Two Haunted Counties: A Ghost Hunter’s Companion To Bedfordshire & Hertfordshire

By Broughall, Tony, edited Adams, Paul

From the publisher’s website: A twelfth century Gilbertine priory, a Chrysler car factory, a de-sanctified church and a Georgian period lavatory-just a few of the haunted localities from the case files of 1970s ghost buster Tony Broughall. Here you will find some of the most interesting and unusual of our native British ghosts, from a headless witch and a spectral plague cart through to the sinister shade of a clawed monk and the apparition of a Second World War tank. This practical guide covers over 150 notorious and lesser known hauntings of both Bedfordshire and Hertfordshire in an easy to access A-Z format and includes original accounts of paranormal investigations by one of this country's senior and highly experienced figures-perfect for practical researchers and armchair ghost hunters alike. Foreword by Peter Underwood FRSA.
 
Tony Broughall has over forty years experience as an investigator of paranormal activity. Paul Adams is a paranormal historian and co-author of The Borley Rectory Companion (2009)


Two Haunted Counties, Limbury Press, Luton, Beds., 2010. 156 pp. (paper) £8. 99. Illustrated (black and white). ISBN 978-0-9565228-0-1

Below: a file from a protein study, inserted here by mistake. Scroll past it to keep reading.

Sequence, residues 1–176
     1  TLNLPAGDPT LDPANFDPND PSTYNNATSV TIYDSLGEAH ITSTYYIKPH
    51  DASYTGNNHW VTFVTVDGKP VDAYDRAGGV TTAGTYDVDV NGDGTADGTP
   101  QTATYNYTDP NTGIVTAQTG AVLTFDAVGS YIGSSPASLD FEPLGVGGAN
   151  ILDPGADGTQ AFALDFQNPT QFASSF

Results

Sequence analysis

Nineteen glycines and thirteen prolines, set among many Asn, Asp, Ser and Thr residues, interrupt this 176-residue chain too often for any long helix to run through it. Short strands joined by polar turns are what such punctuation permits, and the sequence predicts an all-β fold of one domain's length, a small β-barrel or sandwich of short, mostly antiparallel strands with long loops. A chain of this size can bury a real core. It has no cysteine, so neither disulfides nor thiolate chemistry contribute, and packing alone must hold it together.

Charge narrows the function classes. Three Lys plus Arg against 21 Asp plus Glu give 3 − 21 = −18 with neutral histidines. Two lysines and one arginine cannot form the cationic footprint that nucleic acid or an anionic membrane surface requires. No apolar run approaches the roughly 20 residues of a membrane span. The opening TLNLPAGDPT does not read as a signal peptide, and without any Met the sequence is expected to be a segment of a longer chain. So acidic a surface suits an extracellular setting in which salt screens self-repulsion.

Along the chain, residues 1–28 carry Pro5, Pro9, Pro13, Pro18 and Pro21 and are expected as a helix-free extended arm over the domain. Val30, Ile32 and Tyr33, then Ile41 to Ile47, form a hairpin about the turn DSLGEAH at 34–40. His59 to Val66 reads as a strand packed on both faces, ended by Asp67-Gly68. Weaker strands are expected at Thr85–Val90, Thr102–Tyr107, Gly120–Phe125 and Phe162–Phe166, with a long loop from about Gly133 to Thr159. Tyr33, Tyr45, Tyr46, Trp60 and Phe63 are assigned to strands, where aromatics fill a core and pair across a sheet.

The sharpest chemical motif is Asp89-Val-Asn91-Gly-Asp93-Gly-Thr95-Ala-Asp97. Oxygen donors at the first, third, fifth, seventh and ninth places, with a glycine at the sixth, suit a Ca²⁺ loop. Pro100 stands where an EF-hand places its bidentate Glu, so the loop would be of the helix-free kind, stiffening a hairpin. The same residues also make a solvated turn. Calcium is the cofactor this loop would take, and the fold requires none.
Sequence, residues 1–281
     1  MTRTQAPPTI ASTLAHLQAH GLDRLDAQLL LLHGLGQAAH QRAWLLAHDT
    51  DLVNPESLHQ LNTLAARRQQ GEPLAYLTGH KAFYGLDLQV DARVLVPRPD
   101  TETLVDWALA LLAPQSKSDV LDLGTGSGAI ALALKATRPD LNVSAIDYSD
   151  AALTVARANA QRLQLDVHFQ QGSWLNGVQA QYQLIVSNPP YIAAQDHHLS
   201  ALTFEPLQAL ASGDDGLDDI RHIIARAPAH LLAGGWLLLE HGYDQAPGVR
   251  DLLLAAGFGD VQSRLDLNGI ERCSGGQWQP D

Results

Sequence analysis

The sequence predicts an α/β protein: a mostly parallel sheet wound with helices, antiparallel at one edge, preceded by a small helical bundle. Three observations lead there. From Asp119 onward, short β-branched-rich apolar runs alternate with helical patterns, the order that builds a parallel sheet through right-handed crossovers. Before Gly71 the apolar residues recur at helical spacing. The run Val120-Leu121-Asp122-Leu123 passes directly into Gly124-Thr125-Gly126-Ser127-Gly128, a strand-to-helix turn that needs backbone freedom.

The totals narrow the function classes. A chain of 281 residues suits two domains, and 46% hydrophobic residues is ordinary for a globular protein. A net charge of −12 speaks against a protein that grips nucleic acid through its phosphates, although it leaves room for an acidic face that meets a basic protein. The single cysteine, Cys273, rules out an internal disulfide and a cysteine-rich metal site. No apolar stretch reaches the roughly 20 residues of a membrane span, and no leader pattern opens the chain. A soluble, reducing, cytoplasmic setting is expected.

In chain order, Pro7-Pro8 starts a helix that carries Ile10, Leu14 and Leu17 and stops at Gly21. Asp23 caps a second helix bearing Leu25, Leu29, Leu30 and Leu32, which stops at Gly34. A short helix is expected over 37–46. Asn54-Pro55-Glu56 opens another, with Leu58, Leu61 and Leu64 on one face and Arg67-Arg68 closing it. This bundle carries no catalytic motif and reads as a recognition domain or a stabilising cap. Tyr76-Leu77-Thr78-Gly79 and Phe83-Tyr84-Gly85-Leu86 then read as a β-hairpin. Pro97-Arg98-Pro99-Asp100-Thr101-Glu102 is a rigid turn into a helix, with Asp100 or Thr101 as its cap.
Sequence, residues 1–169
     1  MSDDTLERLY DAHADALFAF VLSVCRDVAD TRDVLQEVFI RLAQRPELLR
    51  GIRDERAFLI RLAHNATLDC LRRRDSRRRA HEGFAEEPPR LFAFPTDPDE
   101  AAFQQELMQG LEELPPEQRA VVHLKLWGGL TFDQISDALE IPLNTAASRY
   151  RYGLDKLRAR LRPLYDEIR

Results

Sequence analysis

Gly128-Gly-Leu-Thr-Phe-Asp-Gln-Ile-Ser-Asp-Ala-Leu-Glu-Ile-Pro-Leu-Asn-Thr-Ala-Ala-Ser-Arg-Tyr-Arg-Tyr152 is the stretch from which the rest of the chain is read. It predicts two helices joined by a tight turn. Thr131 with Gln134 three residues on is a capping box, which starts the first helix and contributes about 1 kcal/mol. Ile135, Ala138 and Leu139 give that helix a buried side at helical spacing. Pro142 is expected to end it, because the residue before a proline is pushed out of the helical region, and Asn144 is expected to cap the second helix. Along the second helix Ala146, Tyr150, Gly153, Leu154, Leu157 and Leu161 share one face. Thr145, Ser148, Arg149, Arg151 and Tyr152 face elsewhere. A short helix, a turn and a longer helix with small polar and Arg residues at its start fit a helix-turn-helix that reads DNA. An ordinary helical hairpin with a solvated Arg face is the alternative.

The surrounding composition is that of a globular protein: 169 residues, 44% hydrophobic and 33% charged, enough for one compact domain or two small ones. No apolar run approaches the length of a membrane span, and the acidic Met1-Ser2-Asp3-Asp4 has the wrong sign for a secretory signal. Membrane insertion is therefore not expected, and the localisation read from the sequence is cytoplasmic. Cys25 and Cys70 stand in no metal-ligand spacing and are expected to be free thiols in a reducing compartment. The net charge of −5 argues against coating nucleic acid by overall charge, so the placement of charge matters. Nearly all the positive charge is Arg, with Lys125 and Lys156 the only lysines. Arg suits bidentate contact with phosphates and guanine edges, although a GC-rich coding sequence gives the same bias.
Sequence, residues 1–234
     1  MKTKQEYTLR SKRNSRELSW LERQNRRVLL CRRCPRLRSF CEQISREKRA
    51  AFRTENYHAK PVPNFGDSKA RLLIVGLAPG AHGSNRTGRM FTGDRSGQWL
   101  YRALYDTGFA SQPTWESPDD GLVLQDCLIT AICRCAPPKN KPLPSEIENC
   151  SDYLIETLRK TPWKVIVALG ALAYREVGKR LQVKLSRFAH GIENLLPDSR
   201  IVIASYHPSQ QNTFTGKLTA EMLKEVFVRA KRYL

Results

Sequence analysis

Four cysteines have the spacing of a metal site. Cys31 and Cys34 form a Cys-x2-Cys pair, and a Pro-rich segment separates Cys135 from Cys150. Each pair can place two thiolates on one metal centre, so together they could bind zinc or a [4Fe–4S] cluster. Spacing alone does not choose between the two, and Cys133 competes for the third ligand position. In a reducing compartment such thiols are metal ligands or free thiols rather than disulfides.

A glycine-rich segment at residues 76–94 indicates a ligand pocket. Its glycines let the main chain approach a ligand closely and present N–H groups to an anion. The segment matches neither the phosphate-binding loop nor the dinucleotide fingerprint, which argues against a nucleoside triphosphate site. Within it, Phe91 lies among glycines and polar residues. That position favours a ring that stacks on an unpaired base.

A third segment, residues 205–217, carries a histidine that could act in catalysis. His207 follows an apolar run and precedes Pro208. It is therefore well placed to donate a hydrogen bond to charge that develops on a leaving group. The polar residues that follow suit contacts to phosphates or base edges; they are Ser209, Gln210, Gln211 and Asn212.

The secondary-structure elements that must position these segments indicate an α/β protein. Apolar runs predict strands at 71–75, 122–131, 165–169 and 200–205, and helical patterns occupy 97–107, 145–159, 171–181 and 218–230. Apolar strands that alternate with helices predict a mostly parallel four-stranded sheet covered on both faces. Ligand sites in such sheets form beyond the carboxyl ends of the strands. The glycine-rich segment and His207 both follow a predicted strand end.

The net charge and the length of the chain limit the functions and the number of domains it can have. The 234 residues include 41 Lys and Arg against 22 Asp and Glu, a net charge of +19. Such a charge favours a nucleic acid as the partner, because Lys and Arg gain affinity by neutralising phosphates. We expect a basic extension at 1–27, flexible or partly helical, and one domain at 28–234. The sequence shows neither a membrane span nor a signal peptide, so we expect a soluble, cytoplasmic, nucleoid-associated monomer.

Reviewed for the SPR by: Melvyn Willin


This compendium of haunted locations in Bedfordshire and Hertfordshire was originally written in 1978, but only published in an updated form in 2010 after Paul Adams believed that it should be made available to the general public. It is clearly presented with an excellent index, a ‘phenomena’ index and brief bibliography. The illustrations consist of photographs of some of the locations. As both a member of the Ghost Club and the Society for Psychical Research Tony has had a long history of investigating haunted sites and especially in the two counties researched here and one other location (Edlesborough) just over the border in Buckinghamshire.
 
There are far too many places to mention all of them by name, but some are treated to quite detailed investigations and notably Chicksands Priory, The Fox & Duck, Therfield and several locations in Luton, the author’s home town. Having lived in Luton a few years ago I was particularly interested in the latter and learned of a number of sites that I could have visited if I had known about them at the time. The Hertfordshire section was of even more interest to me as a Herts. born and bred resident (St Albans) who has conducted a number of investigations there myself. St Albans is particularly well served with a special description of the allegedly haunted Salisbury Hall.
 
Tony’s style of writing is both informative and clear. He provides plenty of evidence and quotes eye-witness accounts when possible. As to conclusions he wisely often leaves them to the reader and certainly does not try to dictate what we should believe from the facts presented.
 
I thoroughly recommend this book and would especially advise readers who live in or near Hertfordshire or Bedfordshire to purchase a very reasonably priced guide.